Monastery of Philotheou
monastery is located on the east side of the peninsula at an altitude of 533
m on a wooded slope. According to the sources, the monastery was founded by
the Blessed Philotheos in the last quarter of the tenth century. It remained
in obscurity until the fourteenth century, when it began to flourish as Serbian
and Bulgarian monks settled in it over the next two centuries. When the Slav
monks left at the end of the sixteenth century, the monastery drifted back
into obscurity. In the eighteenth century, the Greek princes of Moldavia and
Wallachia made grants to the monastery, as a result of which guest quarters,
cells, and chapels were built and the monastery acquired its present form.
In the mid-eighteenth century, Kosmas the Aetolian set off from Philotheou
to travel around the Balkans heartening the Christians and building churches
The katholikon was built in 1746 on the ruins of an earlier building, and was frescoed over the next thirty years. The left-hand icon-stand just inside the entrance to the church contains the splendid icon of the Theotokos Glykofiloussa, which depicts the Virgin Mary holding the Christ-child in her arms and kissing him. The inner (eso) and the outer (exo) narthex are frescoed with scenes from the Apocalypse. There are ten chapels, four inside and six outside the monastery. Two chapels, dedicated to the Archangels, and to the Saint John the Baptist, lie right and left of the eso-narthex. The others are dedicated to the Saint Marina (in the bell tower), to the Forty Martyrs, to Saint John the Chrysostom and to the Saint Nicolas.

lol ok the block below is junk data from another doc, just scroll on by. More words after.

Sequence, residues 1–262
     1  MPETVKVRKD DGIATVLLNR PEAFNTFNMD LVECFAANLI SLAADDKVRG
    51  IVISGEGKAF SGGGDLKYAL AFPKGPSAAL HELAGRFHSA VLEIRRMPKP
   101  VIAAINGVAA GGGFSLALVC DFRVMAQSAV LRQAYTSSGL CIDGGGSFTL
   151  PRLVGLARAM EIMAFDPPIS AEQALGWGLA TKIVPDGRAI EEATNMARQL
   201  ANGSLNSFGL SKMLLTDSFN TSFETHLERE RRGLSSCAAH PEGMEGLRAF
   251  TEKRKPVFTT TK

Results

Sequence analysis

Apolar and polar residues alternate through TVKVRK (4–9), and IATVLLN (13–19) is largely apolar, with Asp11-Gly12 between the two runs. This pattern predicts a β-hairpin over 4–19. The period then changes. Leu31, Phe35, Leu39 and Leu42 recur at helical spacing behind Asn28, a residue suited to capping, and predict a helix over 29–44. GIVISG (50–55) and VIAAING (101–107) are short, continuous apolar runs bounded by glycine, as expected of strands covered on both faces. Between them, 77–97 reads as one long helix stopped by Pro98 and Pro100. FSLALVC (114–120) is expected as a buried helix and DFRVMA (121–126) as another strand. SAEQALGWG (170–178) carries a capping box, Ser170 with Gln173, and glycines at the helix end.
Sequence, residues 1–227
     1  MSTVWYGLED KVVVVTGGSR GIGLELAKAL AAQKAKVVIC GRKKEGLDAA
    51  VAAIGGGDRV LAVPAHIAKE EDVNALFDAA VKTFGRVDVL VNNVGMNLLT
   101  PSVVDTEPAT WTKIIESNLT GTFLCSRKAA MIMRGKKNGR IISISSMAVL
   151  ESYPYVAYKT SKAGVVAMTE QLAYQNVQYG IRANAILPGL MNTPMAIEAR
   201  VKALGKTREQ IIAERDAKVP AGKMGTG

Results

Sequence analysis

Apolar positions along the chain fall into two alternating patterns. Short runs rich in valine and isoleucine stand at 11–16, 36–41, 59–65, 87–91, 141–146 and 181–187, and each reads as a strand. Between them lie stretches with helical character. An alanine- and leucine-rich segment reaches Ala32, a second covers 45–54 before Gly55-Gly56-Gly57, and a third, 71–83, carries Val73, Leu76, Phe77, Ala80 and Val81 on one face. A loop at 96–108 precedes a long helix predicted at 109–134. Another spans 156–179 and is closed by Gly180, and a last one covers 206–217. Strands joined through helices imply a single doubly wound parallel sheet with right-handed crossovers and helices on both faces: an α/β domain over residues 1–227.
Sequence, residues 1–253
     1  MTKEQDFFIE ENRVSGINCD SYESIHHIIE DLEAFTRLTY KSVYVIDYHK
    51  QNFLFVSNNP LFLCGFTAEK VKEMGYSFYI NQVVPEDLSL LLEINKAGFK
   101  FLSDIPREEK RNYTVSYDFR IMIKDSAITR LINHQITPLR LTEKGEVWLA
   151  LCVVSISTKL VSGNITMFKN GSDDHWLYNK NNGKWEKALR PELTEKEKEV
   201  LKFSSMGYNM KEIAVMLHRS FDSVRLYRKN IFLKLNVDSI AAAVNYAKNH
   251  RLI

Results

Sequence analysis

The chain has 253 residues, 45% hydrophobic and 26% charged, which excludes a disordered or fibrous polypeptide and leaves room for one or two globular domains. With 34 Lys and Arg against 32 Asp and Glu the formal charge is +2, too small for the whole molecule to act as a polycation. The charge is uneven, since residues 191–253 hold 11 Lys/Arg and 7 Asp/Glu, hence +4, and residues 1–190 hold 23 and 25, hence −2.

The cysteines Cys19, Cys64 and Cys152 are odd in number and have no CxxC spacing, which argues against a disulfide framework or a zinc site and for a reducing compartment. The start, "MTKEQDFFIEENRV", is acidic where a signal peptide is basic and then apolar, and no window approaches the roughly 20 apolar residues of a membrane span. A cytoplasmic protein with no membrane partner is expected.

The phiale, made of white marble, for the blessing of the waters stands between the katholikon and the refectory. The refectory is built just opposite of the Katholikon in 16th century and it was frescoed in the same time.
Philotheou also boasts the thaumaturgical icon of the Theotokos Gerontissa. The library has 250 manuscript codices and two parchment rolls of the Divine Liturgy.
The sacristy contains a piece of the True Cross, the right hand of St John Chrysostom, and relics of other saints. The monastery has seventy-nine monks (1990), observes the coenobitic way of life, and is twelfth in the hierarchy of the Athonite monasteries.